That outfit that just reeks of superiority. That outfit that it would take nothing short of Divine Intervention to defeat.
Sure, Baltimore is the defending Super Bowl Champ but the Ravens have already proven to be beatable. Tampa Bay at Raymond James is always tough but could the Packers go down there and beat 'em without help from Above? You betcha. As for Minnesota at Minnesota, Carolina has already proven this season what the Packers discovered last season. It's doable.
That's not to say winning these types of games will be easy because it won't. It is saying that the Packers are perfectly capable of winning them however.
Is Green Bay a great team, a club without any deficiencies? In a word, no. The Packers have some shortcomings, but they haven't cornered that market and so does everyone else. Salary-capped free agency has leveled the playing field talent-wise to the point that there's not that one dominating scary-good club that's in a league by itself. It's true the Packers haven't played a great team as of yet, but they may not play one all season long. Real good, yes, better than they've faced to date, certainly; great, probably not.
In the past, the NFL has been talent driven entity. You need players who can make plays to win and while that will always be the case, it's a little different now, and this is where that "light" started to flicker. Talent is important, but since teams are so evenly matched in that regard, other things are starting to matter as much if not more. Things like coaching.
The Packers outscored their first two opponents 65-6. Are they that much better talent-wise? Green Bay does have Brett Favre and that carries a lot of weight on the talent scale, but on the Washington roster there were 13 number one draft picks, 4 of whom were the No. 1, and 10 second round picks. They weren't exactly an athletically challenged football team. And yet the game itself was no-contest.
In all fairness, in the case of the Packers' first two opponents, it was game one under new management and that's not enough to draw any long-term conclusions, but this isn't so much about out-coaching the other guy anyway. It's more about the Packers being well-coached, period. You could compare it to a player who always executes his techniques properly. That player will fare pretty well regardless of opponent because he never beats himself. In like manner, a well-coached team is a well coached team game in and game out, whether it's Scooter McLean or Vince Lombardi on the opposing sideline.
That coaching umbrella casts one giant shadow. Of course it involves the X's and O's but that's just the start. There's also preparation, discipline, organization, team chemistry, aggressiveness, toughness and attitude. All distinct challenges and yet in many cases, it's hard to tell where one stops and another begins. You might just lump it all together and call it a team's "personality." Whatever you choose to call it, the guy in charge and his staff have an enormous impact on the success or failure of a team, and that impact is felt more now than ever before. And that's why the bet here is that the Packers' fine start will grow into a fine season.
They're just playing like a well-coached team. Both offensively and defensively, they force their opponents to contend with a variety of looks and schemes. It gives the opposition plenty to think about and prepare for but the key is being able to execute all those looks and schemes without screwing them up yourself. The Packers don't.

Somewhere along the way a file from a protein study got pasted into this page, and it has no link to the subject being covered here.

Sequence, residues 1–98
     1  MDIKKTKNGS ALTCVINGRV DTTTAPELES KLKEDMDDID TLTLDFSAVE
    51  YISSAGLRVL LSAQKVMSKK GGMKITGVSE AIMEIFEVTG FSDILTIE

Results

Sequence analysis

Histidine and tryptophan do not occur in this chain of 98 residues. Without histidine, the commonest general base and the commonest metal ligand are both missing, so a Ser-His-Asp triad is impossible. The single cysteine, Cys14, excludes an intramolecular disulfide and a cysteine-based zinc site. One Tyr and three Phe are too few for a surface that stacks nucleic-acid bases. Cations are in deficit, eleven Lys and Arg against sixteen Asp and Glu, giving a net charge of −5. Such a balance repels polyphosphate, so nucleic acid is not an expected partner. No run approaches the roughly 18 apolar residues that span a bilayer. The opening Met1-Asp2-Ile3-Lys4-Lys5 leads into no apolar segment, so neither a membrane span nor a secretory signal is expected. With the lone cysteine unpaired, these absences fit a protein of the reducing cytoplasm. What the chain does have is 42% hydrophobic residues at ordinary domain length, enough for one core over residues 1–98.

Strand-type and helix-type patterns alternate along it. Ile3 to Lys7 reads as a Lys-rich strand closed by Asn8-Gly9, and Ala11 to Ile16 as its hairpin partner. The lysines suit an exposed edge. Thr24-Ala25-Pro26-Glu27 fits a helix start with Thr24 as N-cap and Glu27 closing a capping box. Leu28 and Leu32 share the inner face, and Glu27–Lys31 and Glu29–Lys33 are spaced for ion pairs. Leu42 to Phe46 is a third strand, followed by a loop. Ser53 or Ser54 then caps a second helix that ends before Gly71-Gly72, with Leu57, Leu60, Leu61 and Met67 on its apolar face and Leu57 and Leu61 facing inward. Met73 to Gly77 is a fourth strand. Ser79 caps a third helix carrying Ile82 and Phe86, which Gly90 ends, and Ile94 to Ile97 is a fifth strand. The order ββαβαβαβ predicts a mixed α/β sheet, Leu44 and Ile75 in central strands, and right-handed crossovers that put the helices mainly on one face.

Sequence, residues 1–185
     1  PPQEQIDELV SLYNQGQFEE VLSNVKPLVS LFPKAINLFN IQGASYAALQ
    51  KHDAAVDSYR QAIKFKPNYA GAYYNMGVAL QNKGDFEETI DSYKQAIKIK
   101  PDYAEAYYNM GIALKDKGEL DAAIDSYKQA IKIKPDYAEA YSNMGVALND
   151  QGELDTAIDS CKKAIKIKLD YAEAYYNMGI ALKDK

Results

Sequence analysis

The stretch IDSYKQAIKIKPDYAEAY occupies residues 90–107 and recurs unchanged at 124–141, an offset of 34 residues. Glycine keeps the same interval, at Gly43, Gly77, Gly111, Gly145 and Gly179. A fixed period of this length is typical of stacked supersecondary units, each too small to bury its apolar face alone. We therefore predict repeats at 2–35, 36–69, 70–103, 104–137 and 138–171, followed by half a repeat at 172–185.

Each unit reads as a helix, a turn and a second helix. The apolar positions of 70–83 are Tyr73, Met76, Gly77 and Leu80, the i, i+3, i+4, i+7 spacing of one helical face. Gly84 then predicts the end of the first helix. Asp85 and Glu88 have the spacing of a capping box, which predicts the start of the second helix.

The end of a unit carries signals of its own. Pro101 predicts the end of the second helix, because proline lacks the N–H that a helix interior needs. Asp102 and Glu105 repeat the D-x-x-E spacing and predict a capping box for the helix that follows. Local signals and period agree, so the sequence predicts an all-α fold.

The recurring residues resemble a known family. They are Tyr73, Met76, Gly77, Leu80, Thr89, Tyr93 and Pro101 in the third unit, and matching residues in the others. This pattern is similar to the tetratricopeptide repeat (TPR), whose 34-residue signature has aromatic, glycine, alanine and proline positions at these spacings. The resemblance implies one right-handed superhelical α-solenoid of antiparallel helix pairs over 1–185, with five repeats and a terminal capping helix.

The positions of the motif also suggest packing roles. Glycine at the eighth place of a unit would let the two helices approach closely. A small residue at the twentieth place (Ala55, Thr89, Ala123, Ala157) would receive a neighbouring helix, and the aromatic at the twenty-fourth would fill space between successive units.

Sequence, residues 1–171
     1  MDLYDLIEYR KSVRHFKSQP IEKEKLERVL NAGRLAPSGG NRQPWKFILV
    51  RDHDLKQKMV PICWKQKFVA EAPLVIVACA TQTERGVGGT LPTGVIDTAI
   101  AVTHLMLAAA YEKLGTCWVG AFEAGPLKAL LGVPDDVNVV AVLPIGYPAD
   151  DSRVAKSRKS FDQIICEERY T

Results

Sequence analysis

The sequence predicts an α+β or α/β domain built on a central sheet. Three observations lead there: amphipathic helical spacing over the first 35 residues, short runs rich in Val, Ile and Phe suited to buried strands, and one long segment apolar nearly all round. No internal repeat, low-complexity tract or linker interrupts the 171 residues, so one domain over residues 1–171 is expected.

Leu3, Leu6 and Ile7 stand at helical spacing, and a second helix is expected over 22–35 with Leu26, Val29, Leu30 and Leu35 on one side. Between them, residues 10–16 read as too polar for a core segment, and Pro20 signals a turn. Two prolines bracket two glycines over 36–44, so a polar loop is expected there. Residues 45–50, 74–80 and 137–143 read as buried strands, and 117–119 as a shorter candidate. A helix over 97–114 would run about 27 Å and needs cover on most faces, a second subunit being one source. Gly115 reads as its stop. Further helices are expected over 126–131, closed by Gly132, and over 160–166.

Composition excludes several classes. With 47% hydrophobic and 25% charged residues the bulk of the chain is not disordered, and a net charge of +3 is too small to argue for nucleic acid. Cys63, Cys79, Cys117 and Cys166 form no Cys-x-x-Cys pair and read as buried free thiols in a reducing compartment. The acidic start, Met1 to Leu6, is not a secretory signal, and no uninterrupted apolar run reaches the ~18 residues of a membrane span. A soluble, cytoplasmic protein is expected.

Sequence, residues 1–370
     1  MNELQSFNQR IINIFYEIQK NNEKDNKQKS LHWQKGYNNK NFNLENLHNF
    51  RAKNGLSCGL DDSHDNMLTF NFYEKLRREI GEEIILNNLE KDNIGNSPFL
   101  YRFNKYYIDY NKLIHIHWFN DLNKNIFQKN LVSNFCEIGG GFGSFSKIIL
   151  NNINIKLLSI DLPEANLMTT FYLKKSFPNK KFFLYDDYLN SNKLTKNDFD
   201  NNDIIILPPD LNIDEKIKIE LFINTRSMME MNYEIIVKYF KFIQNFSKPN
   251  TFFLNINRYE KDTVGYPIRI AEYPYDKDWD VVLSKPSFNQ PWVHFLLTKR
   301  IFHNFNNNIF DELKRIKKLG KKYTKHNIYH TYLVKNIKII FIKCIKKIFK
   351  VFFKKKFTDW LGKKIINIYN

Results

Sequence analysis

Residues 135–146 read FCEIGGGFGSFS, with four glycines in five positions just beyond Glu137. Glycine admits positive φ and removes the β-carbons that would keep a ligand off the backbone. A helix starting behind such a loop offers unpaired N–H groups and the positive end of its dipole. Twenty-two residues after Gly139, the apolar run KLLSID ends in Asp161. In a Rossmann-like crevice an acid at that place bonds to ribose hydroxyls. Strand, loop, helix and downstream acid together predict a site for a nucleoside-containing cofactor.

Success in the NFL also depends on putting your playmakers in position to make plays. Can you say David Martin beating safety coverage for 31 yards and a 1st down.
Staying away from the dumb stuff that gets you beat. As this is being written, Green Bay is averaging about three and a half penalties per game. And how 'bout turnovers, quite possibly the alpha male of all statistics. The Packers went into the Carolina game winning that war with a +4 take-away give-away ratio, which was tied for the best in the NFC.
The NFL has changed in a lot of ways but the importance of running the football and stopping your opponent's running game has been a constant. The Packers are among the league-leaders in both categories.
Something else, which I consider an excellent barometer of a team's attitude, is whether it hits people. I don't mean just contact, I'm talking collisions, and the Packers have been doing some serious colliding. You can see it when they tackle but that's not the only time. During Nate Wayne's interception return on MNF, both Jim Flanigan and Darren Sharper knocked the snot out of unfortunate Redskins.
Even Packer wide receivers aren't bashful about blocking. Nobody, regardless of position, is playing on the fringes. These commitments to the rough stuff speak volumes about whether a team is really committed to paying the price for winning.
Good coaching in the NFL is so-often defined by won-loss records. While that's the nature of the beast, it overlooks one of the factors that lead to those all important records. Are the players actually getting better? Do they improve under a coaching staff? Can you say Kabeer Gbaja-Biamila? Remember where Darren Sharper's game was at two seasons ago?
What you've been seeing in the games is also a reflection of how the Packers practice. Their workouts are organized, disciplined, and focused. They practice with a purpose and it's been showing when it counts.
The NFL is a tough place to do business. There's only one guarantee – every season will have its share of ups and downs. All 31 teams are going after the same prize and when it comes to talent, no one is that much better than anyone else. That's the landscape of the current playing field and you've got to look elsewhere for a winning edge. The Packers have found one in how they are coached.